13 Stanly County, 1892

Stanly Has a Lynching: The Murder of Alexander Whitley: A Family Legacy Entangled in a Web of Fiction & Folklore.




Stanly County, 1892


They do not see that by their tacit encouragement, their silent acquiescence, the black shadow of lawlessness in the form of lynch law is spreading its wings over the whole


   The Standard may have mocked Stanly County as the “hindquarters of the but to Alex, it was home. Perhaps he hoped that he was returning to the community portrayed in the Standard as one with “some of the best people and the best stock in the whole country; they are an intelligent, kind, hospitable, moral


Albemarle Main Street, 1900

Photograph Courtesy of the Stanly County Museum, Albemarle, North Carolina


   Ballads and fictional stories marked Alex Whitley as the most notorious bad man to live in the Stanly community. His was the only lynching in Stanly County, and that fact is used to identify his death as reflective of his unique criminal character. But the truth is that murder was a common occurrence in Stanly and Cabarrus Counties in 1892. Men were tried and convicted of murder on numerous occasions, and lynching was frequently discussed in the community in instances where men were accused of such crimes.

   Just six months before a mob lynched Alex, the Standard published an article that stirred pro-lynching, anti-government sentiment through graphic depiction of the disparate sentencing handed down by the courts.




Negro Dawles, of Charlotte, is a condemned man—he’s to be hanged.


Gov. Holt, who has commuted the death penalty to imprisonment for life for others, has had to strain law and facts 50 per cent greater than would be required in Dawles case.


Dawles is a negro and, in the opinion of some men, ought to hang.


The law, that calls for the breaking of Dawles neck upon the scaffold, is unjust—it is inhuman, uncivilized, and directly opposed to every divine law.


What are the facts in the case?


He killed no one; he tried to kill no one; he was unarmed; he had no murder in his heart; he stole a 25 cent handkerchief and a silver-cased surgical instrument and several dollars in money.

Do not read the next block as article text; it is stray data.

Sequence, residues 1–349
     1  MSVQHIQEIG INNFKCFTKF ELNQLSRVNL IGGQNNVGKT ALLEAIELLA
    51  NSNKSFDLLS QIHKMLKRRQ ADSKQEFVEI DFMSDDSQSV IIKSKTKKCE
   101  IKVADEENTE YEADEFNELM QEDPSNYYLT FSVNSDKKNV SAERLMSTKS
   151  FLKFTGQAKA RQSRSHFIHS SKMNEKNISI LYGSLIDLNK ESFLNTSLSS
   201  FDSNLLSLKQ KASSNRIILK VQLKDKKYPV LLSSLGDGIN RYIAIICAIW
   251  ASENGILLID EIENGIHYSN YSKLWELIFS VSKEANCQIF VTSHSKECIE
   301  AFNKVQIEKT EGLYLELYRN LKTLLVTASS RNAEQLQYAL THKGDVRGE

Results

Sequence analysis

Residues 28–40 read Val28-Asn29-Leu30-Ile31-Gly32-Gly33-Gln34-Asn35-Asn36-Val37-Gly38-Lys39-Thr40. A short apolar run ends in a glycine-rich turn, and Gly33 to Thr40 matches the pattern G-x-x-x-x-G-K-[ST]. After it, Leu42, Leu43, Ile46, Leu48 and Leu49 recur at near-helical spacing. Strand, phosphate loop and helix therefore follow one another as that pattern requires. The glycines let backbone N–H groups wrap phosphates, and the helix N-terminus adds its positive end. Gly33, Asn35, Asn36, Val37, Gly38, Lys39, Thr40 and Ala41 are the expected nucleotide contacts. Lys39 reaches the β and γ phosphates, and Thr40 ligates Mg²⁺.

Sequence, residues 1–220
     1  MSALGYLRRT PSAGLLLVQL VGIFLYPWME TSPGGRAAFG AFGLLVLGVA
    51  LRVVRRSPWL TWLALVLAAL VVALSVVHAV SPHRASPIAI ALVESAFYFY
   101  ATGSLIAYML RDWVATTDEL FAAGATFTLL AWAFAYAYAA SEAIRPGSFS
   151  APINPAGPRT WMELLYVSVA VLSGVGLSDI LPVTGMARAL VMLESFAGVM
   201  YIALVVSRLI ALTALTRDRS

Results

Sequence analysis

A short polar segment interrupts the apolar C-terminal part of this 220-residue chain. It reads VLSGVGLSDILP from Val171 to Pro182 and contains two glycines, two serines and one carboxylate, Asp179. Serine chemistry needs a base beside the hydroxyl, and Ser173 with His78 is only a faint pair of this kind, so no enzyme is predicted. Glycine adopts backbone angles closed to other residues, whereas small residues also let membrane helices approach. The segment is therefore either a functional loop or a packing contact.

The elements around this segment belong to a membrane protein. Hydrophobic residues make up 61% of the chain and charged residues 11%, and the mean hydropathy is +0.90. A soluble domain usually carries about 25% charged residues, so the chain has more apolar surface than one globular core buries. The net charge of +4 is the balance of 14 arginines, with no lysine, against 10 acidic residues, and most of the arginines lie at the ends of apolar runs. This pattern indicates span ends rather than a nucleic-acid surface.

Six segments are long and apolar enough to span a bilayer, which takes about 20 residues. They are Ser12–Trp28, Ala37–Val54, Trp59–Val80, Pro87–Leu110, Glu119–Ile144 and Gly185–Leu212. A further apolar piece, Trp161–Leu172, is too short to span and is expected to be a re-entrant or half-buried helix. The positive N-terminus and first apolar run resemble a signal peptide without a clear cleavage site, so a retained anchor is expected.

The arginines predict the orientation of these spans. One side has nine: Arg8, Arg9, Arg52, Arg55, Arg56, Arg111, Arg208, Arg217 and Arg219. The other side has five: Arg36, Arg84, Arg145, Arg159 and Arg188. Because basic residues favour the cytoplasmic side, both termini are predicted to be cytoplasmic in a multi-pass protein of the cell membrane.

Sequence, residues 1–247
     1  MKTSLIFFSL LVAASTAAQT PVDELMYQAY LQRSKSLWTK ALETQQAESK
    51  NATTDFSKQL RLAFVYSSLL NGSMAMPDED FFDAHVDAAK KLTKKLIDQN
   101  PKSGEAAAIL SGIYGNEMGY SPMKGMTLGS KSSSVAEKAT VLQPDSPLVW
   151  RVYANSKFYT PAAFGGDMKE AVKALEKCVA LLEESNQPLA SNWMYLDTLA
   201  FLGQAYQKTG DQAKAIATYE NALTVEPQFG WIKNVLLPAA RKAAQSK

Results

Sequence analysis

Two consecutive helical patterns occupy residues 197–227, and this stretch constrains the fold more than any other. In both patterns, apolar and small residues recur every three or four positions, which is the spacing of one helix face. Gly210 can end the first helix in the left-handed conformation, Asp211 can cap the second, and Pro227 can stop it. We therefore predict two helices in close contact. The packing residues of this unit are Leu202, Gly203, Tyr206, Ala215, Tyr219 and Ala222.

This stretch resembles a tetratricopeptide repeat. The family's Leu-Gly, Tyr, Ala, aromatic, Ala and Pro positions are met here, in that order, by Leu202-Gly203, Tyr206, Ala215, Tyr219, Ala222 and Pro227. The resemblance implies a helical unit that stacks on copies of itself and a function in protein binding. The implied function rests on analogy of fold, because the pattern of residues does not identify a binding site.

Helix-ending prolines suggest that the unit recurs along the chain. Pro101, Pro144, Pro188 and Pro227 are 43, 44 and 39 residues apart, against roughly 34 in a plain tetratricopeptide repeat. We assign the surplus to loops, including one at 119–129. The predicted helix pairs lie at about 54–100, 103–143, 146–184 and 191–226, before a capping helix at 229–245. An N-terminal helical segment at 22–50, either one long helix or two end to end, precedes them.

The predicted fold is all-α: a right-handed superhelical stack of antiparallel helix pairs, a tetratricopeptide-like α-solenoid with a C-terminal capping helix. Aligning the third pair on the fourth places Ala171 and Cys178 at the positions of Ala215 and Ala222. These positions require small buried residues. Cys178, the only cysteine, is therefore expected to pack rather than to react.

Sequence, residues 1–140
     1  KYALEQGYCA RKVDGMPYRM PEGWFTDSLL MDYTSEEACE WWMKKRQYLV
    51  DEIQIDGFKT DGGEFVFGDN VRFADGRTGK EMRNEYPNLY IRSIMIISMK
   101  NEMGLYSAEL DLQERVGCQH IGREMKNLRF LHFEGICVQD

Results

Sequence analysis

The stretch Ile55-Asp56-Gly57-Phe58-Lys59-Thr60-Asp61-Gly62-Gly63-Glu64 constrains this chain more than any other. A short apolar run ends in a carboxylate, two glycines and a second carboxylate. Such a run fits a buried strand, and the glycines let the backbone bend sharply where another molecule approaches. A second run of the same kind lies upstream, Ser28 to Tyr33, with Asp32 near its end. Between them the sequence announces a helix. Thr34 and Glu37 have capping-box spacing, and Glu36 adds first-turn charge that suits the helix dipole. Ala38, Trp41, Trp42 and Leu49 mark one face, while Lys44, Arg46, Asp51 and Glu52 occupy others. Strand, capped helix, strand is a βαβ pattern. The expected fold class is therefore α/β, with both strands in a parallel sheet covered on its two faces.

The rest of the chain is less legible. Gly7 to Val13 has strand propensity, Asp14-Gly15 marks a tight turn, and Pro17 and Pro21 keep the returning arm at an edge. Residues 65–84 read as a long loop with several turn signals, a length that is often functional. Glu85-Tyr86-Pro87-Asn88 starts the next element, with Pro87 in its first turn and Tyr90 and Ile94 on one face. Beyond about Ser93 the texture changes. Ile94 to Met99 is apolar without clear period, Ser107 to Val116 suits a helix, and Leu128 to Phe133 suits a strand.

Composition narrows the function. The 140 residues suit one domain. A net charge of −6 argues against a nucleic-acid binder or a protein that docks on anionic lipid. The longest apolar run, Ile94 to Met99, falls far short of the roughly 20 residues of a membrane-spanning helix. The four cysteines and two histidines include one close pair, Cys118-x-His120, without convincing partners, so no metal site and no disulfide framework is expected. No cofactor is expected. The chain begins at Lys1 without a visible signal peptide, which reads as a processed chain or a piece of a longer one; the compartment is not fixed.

For this, he is to hang.


In the stealing line, two men worked a bank and defrauded many depositors—they served a short time in the State prison, and the governor pardoned them.


In the murder category, we find Dave Fraley, of Stanly, who shot a man in the back (cold-blooded, premeditated murder) convicted of manslaughter alone and sent to the penitentiary for 12 years—they are petitioning for his pardon four years before his term is out.


Again, the Motz boys of Lincoln County committed murder (a cowardly murder) and they were acquitted—the people declared them heroes!


It is law that calls for Dawles’ hanging—that law, under the circumstances connected with his crime, is barbarous; it is uncivilized, unjust and shameful.


Gov. Holt should, in the name of right, humanity and of civilization, to at least commute Dawles’ death sentence to life imprisonment. He cannot afford to let him


   This article cites two examples of men known to have committed murder who received a light sentence by the courts: Dave Fraley, and the Motz boys. The article communicates a clear message that the courts were not capable of delivering justice; the system was rigged, inept, and incompetent. These messages dispersed through the news media set the stage for lynching by undermining the effectiveness of the justice system.

   The following article, describing the murder of Frank Allman by Jackson Furr in Stanly County a few months before the lynching of Alex Whitley, documented not only the potential for Mr. Furr’s lynching, but accurately foreshadowed the future lynching of Alex Whitley.





The Young Man Furr, Now in Stanly’s Jail for the Murder of Young Allman, Was Thought by Some to Be in Danger of


Standard readers know of the killing of the man Allman in Stanly County a few weeks ago.


Owing to a general sentiment among the people that justice in our courts is slow or abortive, and owing to several remarkably light verdicts in Stanly County, there is there, as well as elsewhere, some misgivings about meting out justice to offenders by our courts.


Acting upon this belief, although there was no probability of a lynching taking place in Stanly County, many of Furr’s friends spent the nights in Albemarle for over a week, armed with shotguns, to defend and protect Furr.


This was unnecessary. Stanly people—the masses—do not want to resort to lynch law to right wrongs and to punish offenders.


But, fellow citizens, the time will come when the people will be encouraged to do so, unless the reins of justice are drawn tighter—unless law, facts and justice prevail instead of childish sentiment.


It is sad (admitting the verdict an honorable and just one in the Motz case for argument’s sake) when the people have to engage in a jubilee over justice (?) having prevailed!


You say croaker, kicker!